As discussed above if a donor donates a life insurance policy to a charity or a charity takes out a policy on the donor’s life, the premiums paid by the donor will be considered a charitable donation eligible for a charitable tax credit or deduction. Note that CRA has confirmed in a technical interpretation (#2002 – 0172875, dated Dec. 24, 2002) that the beneficiary designation need not be irrevocable in order to obtain this treatment. The donor may also get a credit or deduction for the value of the policy if the policy was donated. However, upon death, no further tax benefits accrue to the donor or his / her estate.

If a donor takes out a policy and names his/her estate as beneficiary the donor can then direct the death benefits to go to one or more charities. If this procedure is followed there is no current tax relief for premiums paid but the individual will be eligible for a charitable donation tax credit on the proceeds distributed to the charity on their terminal return. It is important to note that there is no “carry-forward” for gifts made (or deemed to be made) in the year of death. If the full amount of the credit cannot be used, however, there is a provision available to carryback any unused donation one year. The donation limit for gifts in the year of death and the preceding year is 100% of net income.

If a donor takes out a policy and names the charity as the beneficiary he/she will not qualify for a charitable donation tax credit for premiums paid. However, the individual may claim a charitable donation tax credit on their terminal return for the death benefit paid to the charity. As noted above, there is no "carry-foward" for gifts made in the year of death, but any unused donation may be carried back one year, and the donation limit for gifts in the year of death and the preceding year is 100% of net income. This measure applies in respect of an individual's death that occurs after 1998.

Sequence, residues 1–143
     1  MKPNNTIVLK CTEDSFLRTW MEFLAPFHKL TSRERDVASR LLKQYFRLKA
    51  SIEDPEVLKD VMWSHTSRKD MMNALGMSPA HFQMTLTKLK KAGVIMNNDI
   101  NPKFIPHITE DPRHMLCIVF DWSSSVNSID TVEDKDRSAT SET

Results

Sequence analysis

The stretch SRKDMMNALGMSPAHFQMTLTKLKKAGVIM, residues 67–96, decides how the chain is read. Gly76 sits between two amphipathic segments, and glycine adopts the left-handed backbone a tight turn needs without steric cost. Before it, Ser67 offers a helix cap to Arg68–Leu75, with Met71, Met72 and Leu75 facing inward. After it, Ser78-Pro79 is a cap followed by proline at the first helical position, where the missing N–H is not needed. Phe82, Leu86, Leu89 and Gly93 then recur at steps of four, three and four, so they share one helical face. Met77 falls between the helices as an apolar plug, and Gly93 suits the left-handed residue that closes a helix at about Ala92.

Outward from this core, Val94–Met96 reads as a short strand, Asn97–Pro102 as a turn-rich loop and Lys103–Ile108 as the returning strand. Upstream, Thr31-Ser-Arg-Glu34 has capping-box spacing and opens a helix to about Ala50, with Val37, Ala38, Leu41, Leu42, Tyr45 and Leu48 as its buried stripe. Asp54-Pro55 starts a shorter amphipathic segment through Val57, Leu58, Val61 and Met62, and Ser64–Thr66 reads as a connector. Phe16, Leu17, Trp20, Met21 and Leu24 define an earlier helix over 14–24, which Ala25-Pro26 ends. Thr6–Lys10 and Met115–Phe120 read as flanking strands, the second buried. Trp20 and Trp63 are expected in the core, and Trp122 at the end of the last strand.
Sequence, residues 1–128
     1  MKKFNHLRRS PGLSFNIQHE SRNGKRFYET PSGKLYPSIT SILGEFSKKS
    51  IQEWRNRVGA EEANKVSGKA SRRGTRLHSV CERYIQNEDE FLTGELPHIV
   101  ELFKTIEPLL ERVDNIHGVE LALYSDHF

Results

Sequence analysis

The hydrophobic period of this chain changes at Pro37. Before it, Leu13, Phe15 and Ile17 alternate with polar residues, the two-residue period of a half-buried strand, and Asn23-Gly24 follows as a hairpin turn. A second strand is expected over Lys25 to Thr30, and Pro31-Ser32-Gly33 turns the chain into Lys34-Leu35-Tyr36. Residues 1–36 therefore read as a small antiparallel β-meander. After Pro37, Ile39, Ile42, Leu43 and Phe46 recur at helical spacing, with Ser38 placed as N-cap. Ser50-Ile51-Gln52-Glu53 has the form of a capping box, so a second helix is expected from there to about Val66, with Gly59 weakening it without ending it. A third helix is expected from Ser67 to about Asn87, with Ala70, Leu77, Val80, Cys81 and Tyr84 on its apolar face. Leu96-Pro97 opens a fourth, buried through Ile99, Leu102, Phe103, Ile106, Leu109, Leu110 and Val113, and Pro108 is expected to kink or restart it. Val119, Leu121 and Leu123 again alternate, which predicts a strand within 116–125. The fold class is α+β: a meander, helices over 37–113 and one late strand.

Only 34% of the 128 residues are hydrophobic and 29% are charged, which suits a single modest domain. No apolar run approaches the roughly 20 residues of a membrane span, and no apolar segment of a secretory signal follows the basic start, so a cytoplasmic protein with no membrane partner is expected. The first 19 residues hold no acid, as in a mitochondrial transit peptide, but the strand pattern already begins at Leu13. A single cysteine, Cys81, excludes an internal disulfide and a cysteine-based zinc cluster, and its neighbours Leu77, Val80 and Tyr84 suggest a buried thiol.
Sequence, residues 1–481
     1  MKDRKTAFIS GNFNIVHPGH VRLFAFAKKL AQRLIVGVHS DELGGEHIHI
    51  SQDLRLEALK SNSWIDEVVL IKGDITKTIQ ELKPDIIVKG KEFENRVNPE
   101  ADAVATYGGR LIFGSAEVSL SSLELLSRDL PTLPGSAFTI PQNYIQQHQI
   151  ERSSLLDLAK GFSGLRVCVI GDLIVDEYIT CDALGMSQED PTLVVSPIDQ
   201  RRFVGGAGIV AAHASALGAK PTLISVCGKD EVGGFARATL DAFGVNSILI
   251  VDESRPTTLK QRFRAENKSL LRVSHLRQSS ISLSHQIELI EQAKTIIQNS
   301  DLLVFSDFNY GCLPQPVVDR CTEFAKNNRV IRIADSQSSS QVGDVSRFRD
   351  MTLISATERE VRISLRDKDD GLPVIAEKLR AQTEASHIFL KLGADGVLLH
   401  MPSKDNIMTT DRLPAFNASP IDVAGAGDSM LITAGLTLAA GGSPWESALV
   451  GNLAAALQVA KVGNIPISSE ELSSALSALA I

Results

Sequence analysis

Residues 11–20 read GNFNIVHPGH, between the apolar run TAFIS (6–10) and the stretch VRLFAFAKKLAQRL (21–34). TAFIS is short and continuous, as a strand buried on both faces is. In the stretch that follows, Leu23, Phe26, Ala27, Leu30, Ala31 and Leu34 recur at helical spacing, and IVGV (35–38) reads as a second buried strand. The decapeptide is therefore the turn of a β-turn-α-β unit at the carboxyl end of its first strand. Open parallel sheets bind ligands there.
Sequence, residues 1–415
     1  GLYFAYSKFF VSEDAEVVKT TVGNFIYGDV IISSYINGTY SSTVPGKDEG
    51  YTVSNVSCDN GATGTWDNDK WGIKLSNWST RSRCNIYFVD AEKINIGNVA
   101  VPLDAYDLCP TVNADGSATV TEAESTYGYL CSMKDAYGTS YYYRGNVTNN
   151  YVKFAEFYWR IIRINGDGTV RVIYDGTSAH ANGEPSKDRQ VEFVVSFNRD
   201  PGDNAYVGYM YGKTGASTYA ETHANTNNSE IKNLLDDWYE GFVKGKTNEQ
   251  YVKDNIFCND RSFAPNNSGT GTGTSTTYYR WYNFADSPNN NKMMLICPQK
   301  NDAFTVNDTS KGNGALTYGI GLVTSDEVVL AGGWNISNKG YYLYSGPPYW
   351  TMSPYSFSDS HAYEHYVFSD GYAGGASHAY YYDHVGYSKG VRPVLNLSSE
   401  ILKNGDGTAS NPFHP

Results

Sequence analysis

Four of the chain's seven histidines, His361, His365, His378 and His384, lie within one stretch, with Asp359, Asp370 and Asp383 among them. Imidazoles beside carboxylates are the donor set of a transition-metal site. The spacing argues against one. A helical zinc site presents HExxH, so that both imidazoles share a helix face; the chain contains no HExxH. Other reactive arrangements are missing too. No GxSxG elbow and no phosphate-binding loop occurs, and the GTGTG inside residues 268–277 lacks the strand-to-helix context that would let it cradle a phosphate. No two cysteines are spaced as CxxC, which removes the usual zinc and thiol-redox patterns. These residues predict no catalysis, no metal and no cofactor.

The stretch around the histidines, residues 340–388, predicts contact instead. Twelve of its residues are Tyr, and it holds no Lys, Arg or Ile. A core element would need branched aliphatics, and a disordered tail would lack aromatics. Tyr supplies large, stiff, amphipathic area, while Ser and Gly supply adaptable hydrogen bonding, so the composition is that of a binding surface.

At the 2003 Conference for Advanced Life Underwriters (CALU) Tax Policy Round Table (#2003- 0004315) CRA commented on irrevocable beneficiary designations in favour of a charity where the owner continues to own the policy. They stated that in their view where a policyholder makes an irrevocable designation of a qualified donee as the beneficiary of a life insurance policy, the premiums paid by the donor will not qualify as a charitable gift. In other words, an irrevocable beneficiary designation cannot be used as an alternative to actually donating the policy by transferring ownership of it to the charity. In addition CRA indicated that if an irrevocable beneficiary designation is made in favour of a charity, the death benefit it received by the donee will not be deemed to be a charitable gift for purposes of the charitable tax credit under section 118.1. The reason given was that the requirement under 118.1(5.1) that immediately before the individual’s death the individual’s consent would have been required to change the recipient of the death benefit would not be met.

Since that time, the CRA has reserved their position on this latter point (#2004-0065451C6). It is now the Agency’s view that such a designation would allow the proceeds to qualify for the charitable donation tax credit in the year of death.

Conclusion

In this Tax Topic we have canvassed the basic issues relating to charities and insurance policies. It is important to understand these rules to ensure appropriate benefit is derived from life insurance gifts.

* Please note:

  • the source material for these topics are various Manulife Financial articles, courtesy of Manulife Financial.
  • Life-Quotes.ca will strive to keep these articles updated and current.
  • these tax topics are distributed on the understanding that neither Life-Quotes.ca nor Manulife Financial is engaged in rendering legal and accounting advice.